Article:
NEW YORK (AP) — It's been nearly three decades since Muhammad Ali stepped into the ring, and the public still can't get enough of the self-described greatest.
A number of products bearing his image and iconic signature have come on the market the past couple of years, no surprise considering the former heavyweight champion, philanthropist and cultural icon has become even more beloved in retirement. His magnetic personality, natural charisma and courageous battle with Parkinson's disease have only served to raise his profile.
Whether it's the special-edition gloves that were launched last year by equipment-maker Everlast, or the limited run of caps by New Era that reached stores Friday, Ali is still proving to be a strong commodity even in a downtrodden economy.
"Although he's still a living person, out there doing his thing, his philanthropic work and all that, the brand side is an evergreen brand," said Kelly Hill, the director of licensing for Muhammad Ali Enterprises. "Our mission now is to protect and perpetuate his legacy."
Marketing Evaluations' annual sports Q ratings, which measures various aspects of athlete and celebrity marketability, recently revealed that Ali is still the No. 1 athlete in terms of "familiarity," ahead of current stars such as LeBron James, Derek Jeter and Peyton Manning.
The survey of more than 2,000 people ages 12 to 64 showed Ali was the most familiar athlete in the coveted 18- to 34-year-old demographic, and even resonated well with teens, trailing only Tiger Woods in an age group that was born long after he last stepped foot in the ring.
"The greatest is still kind of the greatest," said Marketing Evaluations vice president Henry Schafer. "He's pretty much universally known — 94 percent of sports fans today know who he is. Michael Jordan is at 89, and Tiger Woods is at 93, even with all his stuff that went on.
"Even with today's population, many of whom never saw him box, he stands the test of time."
Muhammad Ali Enterprises was formed several years ago to license Ali products and help capitalize on his overwhelming popularity. Just like professional sports leagues and teams have entire staffs to clear companies pitching everything from coasters to blankets, MAE serves to watch over Ali's image and likeness, ensuring that only certain products are connected to him.
The business machine behind Ali is impressive considering he was famous during his career for lending his name to just about anything. He often signed deals with companies that never made good on their promises, paying him far less than he was owed, if anything at all.
There are currently between 50 and 60 officially licensed Ali products, Hill said, from the well-known Everlast gloves and New Era hats to more obscure posters and prints.
"Just in general, we've been building up our merchandising and licensing program," Hill said, "and our mission is to partner with companies that are outstanding in their field."
The most recent product to hit the market is a limited-edition cap that commemorates the 50th anniversary of Ali's victory at the Summer Olympics. Designed by New Era with input from Ali, the white leather hat features red, white and blue details that mimic his Team USA uniform from the 1960 Rome Olympics, and comes in a decorative display box with gold silk lining.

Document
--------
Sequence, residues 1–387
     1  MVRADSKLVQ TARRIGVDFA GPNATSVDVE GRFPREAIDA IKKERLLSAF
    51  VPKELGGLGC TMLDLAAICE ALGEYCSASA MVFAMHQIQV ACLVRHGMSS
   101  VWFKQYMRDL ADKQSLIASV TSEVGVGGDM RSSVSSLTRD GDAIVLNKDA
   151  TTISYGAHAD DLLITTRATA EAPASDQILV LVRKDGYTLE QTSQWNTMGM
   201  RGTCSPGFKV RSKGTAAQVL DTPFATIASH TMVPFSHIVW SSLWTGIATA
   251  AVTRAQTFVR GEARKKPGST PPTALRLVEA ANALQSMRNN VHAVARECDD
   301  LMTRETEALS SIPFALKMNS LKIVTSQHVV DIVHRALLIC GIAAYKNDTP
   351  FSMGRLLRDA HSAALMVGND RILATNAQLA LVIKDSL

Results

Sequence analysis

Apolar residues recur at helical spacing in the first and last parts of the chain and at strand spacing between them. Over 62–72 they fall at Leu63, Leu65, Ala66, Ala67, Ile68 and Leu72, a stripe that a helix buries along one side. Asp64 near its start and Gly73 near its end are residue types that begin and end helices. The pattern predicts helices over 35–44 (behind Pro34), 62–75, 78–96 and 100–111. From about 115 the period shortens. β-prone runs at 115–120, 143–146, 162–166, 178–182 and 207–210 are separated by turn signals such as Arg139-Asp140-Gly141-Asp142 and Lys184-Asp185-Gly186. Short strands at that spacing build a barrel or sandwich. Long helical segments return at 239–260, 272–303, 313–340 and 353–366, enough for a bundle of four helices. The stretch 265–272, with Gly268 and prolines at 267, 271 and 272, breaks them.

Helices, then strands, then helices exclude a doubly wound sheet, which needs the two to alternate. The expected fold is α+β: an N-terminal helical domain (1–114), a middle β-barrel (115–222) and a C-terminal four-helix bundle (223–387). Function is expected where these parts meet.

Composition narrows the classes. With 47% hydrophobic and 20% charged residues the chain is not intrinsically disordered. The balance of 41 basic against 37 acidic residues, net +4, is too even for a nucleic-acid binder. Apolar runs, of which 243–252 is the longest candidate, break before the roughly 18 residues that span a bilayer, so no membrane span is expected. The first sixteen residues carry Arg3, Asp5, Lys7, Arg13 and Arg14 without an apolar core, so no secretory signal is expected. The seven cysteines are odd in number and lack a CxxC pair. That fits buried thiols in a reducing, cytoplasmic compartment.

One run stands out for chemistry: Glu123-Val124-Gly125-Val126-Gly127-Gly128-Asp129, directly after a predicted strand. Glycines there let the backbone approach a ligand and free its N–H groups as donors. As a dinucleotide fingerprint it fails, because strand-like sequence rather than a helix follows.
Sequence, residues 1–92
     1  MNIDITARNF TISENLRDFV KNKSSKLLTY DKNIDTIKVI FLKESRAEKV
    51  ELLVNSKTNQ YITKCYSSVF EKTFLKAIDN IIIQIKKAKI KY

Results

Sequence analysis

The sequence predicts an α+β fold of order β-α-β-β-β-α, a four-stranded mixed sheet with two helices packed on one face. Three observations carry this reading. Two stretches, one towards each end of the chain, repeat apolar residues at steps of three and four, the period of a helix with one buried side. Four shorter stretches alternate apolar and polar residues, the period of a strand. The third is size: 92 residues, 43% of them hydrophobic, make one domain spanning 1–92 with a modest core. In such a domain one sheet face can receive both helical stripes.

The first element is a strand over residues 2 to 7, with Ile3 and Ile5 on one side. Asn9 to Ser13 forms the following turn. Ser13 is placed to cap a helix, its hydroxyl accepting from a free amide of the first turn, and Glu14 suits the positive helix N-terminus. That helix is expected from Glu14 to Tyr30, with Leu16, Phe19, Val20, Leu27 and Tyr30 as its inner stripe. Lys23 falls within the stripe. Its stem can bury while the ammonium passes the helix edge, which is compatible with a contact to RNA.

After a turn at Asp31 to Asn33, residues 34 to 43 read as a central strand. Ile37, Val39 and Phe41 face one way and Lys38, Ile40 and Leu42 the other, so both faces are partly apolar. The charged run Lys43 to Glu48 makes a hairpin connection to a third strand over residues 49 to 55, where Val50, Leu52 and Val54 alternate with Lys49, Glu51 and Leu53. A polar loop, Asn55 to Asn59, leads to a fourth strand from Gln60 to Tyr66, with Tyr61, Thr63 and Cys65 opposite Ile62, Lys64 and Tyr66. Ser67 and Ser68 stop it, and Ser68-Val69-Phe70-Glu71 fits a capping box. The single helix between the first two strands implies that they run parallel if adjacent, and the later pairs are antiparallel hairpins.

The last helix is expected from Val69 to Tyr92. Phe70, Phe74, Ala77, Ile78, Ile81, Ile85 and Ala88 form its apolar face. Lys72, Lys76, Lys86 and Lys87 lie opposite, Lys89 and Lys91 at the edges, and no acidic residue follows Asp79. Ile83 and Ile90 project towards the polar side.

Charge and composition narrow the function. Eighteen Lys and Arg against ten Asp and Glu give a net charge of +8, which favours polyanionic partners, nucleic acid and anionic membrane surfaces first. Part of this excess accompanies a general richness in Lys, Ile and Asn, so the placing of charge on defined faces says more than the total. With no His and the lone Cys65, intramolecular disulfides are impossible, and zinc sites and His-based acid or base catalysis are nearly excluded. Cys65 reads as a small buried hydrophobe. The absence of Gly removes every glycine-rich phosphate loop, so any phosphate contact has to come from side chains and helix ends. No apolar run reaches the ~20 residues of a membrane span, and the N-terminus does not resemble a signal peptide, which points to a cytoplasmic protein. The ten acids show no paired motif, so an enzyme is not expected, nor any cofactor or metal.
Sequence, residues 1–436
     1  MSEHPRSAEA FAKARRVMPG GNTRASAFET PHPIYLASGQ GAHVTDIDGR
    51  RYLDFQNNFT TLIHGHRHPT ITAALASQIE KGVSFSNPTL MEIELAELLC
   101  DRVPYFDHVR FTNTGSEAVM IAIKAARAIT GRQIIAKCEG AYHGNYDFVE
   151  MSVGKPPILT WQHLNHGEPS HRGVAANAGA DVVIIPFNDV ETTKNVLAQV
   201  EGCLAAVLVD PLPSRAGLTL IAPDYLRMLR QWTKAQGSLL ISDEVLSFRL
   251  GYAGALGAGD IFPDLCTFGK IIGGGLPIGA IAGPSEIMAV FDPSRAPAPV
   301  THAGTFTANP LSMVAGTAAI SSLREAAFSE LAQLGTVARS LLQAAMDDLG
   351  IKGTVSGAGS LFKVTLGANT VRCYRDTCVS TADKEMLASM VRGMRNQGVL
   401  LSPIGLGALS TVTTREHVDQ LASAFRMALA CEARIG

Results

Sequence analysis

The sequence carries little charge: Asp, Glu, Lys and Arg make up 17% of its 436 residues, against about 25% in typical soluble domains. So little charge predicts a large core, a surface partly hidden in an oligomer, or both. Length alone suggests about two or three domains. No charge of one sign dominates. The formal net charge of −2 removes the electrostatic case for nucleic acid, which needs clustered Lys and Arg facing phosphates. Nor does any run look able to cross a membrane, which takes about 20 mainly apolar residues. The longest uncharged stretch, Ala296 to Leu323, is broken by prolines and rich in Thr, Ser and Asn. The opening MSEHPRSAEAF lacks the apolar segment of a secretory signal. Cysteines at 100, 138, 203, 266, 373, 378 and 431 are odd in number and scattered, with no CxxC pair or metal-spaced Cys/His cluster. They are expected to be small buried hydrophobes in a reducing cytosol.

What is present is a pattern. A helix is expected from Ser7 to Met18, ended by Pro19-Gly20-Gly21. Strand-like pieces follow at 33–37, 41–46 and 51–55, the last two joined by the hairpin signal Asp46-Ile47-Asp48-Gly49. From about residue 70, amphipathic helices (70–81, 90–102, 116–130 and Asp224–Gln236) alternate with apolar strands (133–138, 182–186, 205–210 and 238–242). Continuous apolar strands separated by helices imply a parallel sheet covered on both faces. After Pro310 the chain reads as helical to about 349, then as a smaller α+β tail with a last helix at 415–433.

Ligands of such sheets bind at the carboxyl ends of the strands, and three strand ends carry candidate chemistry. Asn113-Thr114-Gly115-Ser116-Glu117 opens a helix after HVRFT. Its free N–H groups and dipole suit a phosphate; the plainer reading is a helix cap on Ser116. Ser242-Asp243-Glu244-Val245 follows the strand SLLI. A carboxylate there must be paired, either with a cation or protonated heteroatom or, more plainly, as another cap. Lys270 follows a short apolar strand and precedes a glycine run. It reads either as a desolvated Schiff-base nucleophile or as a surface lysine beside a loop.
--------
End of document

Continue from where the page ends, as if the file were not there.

There are only 144 hats available, and they don't come cheap. The retail price is $125 with a portion of the proceeds going to the Muhammad Ali Center in his hometown of Louisville, Ky.
"This is one of the greatest athletes of all time, and we wanted to do something special," said Dana Marciniak from New Era. "We set out and did some designs for him, and he picked the white leather cap with the ribbons that kind of matched his uniform."
The hats are part of New Era's "Capture the Flag" collection, which is designed to salute pioneers in all walks of life. Ali joins a roster that includes film director Spike Lee and the rapper Fabolous, whose own special-edition cap includes a diamond and goes for $250.
"Normally the athlete designs the hat, but in this case we did a whole bunch of designs," Marciniak said. "We took inspiration from everywhere. This is probably the most anticipated design we've done. At the end of the day, this is Muhammad Ali, and that's pretty awesome."
Many of the "Capture the Flag" hats appeal to a younger demographic, especially the hip-hop culture of teens and 20-somethings — which at first glance would seem like a disconnect.
After all, Ali rarely makes public appearances anymore.
But this is also the man whose defiant stance on the war in Vietnam was in line with beliefs of many young people in the late 1960s and early '70s. The truth is, he's always connected with the youth, and the people shaping his image these days understand that.
His redesigned website, for example, includes a Twitter feed and links to social networking sites such as MySpace and Facebook. There are YouTube videos and an iPhone application, all melded alongside Ali's history and engaging back story, videos of his greatest moments and, of course, an online store that sells everything from autographed memorabilia to T-shirts and figurines.
More than anything else, that may underscore the fact that Ali is still big business.
"We take great pains that when we put a product out, it is befitting of having his name and image on it," Hill said. "Like I said, the brand is an evergreen brand that I honestly believe will stand the test of time, and hopefully we'll promote his legacy after we're all gone."